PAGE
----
What’s the most meaningful compliment your wife ever paid you?
My wife told me, “Honey, you’re the best husband on earth!” She has said that to me many times over the years, and I never get tired of hearing her repeat it.
Do you believe in “The One”?
There is a romantic side of me that says I do believe in “The One.” We meet someone and love becomes alive! We can’t eat, can’t think straight, or get things done; we are blindly caught up in this new and exciting relationship.
But the practical side of me says differently because our lives are constantly challenged with choices: choices for a career, where to go to school, where to live, and so on.
Relationships are no different. When we’re in a new relationship that seems to sweep us off our feet, all things seem wonderful and we’re convinced there couldn’t possibly be anything that would interrupt our new relationship.
But we know that’s not true, and over time relationships have a way of pulling back the curtain of our true selves, and conflict begins to enter in.
That doesn’t mean we should end the relationship and run in the other direction, but this is the point where it gets down to choosing whether or not we stay and work things out.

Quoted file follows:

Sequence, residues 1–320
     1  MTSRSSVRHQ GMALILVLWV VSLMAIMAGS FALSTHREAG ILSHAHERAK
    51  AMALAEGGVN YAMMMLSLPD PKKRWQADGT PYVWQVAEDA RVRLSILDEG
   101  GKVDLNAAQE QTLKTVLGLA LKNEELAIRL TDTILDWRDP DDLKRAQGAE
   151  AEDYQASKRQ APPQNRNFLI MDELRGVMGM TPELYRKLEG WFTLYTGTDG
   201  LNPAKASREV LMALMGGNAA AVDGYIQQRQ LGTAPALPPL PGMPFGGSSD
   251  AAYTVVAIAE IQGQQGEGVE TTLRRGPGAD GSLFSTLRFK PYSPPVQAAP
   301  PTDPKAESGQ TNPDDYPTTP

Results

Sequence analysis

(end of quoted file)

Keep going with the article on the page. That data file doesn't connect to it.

Being confident that we’re with “the one” certainly helps us make the commitment to stay and work things out. It also encourages us to invest in our relationship and build on our strengths and work on our weaknesses.
How do you resolve disagreements with your wife?
Resolving differences with your spouse or significant other is essential for keeping love alive. Unresolved issues or hurt feelings don’t go away with time and they will eventually begin to erode the foundation of the relationship. Many people won’t or they don’t know how to give and/or receive an apology.
We all make mistakes and disappoint someone, but if we are willing to deal with our failures by expressing a sincere apology, we can restore what’s been broken and go on with our lives.